The noble Lord said: In moving this amendment, I shall speak also to
Amendments Nos. 6, 8, 9,
10, 11, 48, 50 and 51. These amendments follow on the consultation document which was
published originally in 1997 and which said that to secure incorporation as a limited liability
partnership, founding members would have to submit to the registrar a document which included a
statement in prescribed form that the business was being formed with a view to profit. That
follows the scheme of partnerships. Again, as I said a few moments ago, we do not intend to alter
Partnership law refers to,
"carrying on a business in common with a view of profit".
Instead of "in common" we have used the word "associated" and instead
of "a view of profit" we
have used the phrase "with a view to profit". That is the change between 1890 and 2000. I do not
believe that it has any other impact. I am always reminded of the sign which appears in some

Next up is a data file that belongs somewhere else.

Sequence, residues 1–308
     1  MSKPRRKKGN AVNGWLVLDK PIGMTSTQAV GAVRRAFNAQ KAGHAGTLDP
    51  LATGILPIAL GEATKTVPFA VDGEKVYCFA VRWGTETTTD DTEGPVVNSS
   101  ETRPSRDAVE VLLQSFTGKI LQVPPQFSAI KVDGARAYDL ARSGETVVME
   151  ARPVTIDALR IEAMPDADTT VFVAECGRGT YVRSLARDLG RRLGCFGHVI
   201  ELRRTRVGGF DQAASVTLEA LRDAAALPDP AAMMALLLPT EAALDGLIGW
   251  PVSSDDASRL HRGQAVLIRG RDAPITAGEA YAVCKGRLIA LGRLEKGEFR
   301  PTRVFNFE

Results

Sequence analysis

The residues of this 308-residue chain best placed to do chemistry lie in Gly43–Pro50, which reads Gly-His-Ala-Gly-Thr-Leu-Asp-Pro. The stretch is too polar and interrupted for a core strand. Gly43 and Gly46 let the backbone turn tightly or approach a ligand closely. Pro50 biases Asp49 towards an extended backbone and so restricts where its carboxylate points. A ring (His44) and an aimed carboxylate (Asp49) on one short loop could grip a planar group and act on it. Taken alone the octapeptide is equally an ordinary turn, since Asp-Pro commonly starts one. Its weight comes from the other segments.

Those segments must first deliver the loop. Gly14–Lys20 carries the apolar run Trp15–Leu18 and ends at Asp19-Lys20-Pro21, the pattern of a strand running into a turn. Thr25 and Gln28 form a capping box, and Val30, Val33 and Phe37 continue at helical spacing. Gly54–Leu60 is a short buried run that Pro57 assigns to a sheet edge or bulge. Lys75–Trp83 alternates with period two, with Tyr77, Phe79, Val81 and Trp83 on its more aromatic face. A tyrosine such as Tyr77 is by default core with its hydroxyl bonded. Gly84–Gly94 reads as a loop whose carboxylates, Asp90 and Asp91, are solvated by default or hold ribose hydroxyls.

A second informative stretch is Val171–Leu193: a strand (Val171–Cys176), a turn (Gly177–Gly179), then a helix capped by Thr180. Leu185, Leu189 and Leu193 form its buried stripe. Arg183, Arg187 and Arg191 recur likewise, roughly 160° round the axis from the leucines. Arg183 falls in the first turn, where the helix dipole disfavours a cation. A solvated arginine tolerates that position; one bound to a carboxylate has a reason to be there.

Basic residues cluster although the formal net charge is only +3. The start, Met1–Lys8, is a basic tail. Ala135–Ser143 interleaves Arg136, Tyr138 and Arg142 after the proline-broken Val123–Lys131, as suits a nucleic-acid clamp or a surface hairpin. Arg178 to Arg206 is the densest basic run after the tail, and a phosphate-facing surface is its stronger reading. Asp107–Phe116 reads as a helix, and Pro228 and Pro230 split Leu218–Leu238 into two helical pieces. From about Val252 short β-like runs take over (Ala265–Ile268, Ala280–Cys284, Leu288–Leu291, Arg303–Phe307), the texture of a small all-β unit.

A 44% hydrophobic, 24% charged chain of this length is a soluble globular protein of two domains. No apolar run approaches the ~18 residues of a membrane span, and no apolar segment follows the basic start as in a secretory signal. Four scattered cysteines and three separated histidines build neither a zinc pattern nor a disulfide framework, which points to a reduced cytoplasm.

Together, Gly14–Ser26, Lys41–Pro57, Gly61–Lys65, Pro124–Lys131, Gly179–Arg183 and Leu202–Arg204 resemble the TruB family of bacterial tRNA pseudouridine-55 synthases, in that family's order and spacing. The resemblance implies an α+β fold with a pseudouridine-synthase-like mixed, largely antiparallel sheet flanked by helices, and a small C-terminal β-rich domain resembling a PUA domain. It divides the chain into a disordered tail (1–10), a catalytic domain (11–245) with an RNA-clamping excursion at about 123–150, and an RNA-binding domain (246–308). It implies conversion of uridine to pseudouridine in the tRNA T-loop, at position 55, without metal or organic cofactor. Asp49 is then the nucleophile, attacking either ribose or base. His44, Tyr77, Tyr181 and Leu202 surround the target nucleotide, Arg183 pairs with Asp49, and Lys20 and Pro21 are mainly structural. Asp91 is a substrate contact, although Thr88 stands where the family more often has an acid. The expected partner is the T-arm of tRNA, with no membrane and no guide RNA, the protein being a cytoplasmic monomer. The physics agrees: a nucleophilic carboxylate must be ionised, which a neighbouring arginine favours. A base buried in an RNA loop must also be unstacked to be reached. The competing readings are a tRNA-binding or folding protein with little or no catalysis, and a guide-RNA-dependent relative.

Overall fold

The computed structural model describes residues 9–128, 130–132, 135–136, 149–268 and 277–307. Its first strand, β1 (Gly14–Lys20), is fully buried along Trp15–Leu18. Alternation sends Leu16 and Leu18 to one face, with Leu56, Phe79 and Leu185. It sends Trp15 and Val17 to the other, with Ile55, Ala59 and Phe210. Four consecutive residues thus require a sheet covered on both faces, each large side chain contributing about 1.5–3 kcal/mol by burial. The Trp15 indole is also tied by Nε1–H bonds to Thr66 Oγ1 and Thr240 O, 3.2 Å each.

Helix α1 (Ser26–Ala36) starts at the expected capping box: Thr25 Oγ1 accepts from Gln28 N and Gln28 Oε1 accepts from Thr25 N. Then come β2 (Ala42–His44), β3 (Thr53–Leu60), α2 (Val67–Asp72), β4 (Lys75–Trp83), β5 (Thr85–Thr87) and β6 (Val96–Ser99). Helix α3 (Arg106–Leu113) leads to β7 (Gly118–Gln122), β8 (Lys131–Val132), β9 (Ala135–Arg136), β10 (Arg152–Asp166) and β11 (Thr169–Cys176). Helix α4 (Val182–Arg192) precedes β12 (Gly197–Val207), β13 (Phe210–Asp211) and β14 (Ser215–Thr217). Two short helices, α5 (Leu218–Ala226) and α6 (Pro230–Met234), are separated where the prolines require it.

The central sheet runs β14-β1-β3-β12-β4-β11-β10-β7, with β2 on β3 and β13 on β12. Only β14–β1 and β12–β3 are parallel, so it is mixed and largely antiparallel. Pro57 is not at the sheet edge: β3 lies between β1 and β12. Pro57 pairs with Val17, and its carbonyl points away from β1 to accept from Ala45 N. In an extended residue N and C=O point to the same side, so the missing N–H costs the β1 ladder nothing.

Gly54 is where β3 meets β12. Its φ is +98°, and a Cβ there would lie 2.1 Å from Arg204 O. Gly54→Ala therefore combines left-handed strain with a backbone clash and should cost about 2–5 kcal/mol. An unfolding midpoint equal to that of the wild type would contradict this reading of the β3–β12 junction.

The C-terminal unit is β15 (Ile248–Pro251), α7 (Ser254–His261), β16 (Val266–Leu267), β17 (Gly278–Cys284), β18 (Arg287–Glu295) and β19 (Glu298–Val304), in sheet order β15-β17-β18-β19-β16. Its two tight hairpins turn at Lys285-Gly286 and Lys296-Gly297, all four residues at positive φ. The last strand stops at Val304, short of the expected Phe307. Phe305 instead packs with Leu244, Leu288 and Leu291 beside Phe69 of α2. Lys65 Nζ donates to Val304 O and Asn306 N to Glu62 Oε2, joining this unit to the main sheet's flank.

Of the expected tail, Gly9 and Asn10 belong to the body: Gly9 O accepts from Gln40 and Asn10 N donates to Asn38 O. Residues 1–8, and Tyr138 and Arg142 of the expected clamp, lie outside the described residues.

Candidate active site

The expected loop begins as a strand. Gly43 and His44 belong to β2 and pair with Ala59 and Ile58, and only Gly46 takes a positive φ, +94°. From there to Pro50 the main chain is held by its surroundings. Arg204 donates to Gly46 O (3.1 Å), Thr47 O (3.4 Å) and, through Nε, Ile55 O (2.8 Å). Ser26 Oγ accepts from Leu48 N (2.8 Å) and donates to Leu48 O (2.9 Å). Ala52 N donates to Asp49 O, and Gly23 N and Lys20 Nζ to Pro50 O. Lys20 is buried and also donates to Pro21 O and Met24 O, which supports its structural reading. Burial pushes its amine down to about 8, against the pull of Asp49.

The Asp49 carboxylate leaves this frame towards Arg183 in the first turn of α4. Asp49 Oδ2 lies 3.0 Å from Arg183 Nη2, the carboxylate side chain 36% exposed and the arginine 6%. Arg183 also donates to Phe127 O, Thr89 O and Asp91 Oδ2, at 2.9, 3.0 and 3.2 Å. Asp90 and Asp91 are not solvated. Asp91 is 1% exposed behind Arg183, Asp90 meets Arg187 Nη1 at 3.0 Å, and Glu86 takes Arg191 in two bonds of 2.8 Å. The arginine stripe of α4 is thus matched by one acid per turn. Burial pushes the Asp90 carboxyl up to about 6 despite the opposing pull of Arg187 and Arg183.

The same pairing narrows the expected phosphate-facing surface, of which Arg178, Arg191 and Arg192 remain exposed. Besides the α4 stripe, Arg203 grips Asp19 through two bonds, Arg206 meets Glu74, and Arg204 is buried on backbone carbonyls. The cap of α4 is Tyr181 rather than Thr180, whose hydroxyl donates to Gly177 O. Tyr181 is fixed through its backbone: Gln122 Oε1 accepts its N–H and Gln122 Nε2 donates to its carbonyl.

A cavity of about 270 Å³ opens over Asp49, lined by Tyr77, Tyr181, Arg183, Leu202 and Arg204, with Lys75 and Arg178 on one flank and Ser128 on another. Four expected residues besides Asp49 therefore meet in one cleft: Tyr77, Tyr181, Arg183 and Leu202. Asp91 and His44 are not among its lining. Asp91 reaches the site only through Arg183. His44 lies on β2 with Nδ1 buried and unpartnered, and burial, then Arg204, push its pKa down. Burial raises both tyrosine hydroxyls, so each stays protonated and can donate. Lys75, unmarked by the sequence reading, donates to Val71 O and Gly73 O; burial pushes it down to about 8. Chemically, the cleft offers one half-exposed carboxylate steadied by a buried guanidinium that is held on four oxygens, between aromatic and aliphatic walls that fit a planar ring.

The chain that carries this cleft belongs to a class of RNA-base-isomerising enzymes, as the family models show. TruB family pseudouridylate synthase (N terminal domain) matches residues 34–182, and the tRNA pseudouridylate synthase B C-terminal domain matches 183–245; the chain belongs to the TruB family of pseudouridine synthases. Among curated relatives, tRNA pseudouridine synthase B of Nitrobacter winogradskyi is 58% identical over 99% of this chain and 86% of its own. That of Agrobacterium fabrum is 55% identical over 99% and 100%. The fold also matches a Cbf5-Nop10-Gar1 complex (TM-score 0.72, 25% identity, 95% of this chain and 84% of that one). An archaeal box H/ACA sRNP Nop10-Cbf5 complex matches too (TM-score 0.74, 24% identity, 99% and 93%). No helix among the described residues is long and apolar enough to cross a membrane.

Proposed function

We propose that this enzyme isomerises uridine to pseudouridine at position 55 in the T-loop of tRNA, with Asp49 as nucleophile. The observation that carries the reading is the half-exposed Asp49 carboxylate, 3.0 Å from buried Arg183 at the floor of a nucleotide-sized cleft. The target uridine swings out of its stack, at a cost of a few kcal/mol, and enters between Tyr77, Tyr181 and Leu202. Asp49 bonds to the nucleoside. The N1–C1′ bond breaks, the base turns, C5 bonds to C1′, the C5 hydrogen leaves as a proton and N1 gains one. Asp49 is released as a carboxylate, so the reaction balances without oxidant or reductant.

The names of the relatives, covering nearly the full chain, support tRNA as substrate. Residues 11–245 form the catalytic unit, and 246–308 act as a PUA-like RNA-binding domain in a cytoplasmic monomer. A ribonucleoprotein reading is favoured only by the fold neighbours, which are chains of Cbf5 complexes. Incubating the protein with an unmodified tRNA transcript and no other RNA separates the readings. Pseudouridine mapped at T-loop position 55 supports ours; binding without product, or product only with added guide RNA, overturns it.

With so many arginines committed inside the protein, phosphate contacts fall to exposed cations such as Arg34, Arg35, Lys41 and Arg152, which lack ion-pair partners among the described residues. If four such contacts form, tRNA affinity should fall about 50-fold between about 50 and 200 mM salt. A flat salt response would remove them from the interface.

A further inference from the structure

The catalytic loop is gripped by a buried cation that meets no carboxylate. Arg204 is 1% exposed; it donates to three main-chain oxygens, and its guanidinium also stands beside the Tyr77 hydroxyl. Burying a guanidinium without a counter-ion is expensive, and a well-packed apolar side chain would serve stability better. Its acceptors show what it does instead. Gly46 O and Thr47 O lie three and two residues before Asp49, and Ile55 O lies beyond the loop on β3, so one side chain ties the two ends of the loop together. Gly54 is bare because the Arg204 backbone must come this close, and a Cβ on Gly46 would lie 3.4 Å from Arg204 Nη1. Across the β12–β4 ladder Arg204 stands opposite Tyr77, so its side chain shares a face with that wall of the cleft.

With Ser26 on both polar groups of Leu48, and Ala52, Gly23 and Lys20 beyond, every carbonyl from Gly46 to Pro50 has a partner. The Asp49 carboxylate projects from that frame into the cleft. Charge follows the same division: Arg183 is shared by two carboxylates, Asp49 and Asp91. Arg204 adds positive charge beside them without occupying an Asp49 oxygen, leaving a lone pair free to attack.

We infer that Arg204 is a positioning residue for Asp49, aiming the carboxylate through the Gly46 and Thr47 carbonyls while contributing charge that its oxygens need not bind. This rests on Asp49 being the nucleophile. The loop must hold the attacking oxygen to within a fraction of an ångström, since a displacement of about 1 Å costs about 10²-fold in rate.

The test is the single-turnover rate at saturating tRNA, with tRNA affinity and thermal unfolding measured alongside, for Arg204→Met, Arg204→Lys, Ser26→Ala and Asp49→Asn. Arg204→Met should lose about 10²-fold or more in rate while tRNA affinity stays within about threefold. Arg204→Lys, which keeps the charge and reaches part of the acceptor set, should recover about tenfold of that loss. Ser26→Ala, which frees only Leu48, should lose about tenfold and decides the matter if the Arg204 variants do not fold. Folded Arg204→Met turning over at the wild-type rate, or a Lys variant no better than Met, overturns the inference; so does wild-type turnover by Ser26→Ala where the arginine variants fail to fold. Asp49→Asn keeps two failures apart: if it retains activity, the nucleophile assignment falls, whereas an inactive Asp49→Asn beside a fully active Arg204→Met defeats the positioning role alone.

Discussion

company offices which says, "This is a non-profit company. It wasn't intended that way but that's
the way it's worked out". That is why we must use the words "with a view to profit" instead of
The wording did not appear in the intervening draft since 1997, but
we believe that it is necessary
to restore those words. We do so for two reasons. First, we want to make it clear that, in our
view, limited liability partnerships are unsuitable for charitable organisations. In view of the
expertise of the noble Lord, Lord Phillips, in that area, I have written to him on that subject. I
hope that he will agree that that is the right course to take. Again, it does not extend the
24 Jan 2000 : Column 1355
scope of partnerships, but seeks merely to make available this business
entity for partnerships
under the existing scope. Secondly, we want to discourage not-for-profit organisations--for
example, members' clubs--from using the limited liability partnership vehicle.
There was no intention in the genesis and evolution of limited liability
partnerships to provide for
their use by organisations which were not operating with a view to profit and we do not see the
entity as appropriate for that purpose. No interest has been expressed in limited liability
partnerships by such entities in any of the consultations.
As a result of requiring the founding members to associate for the carrying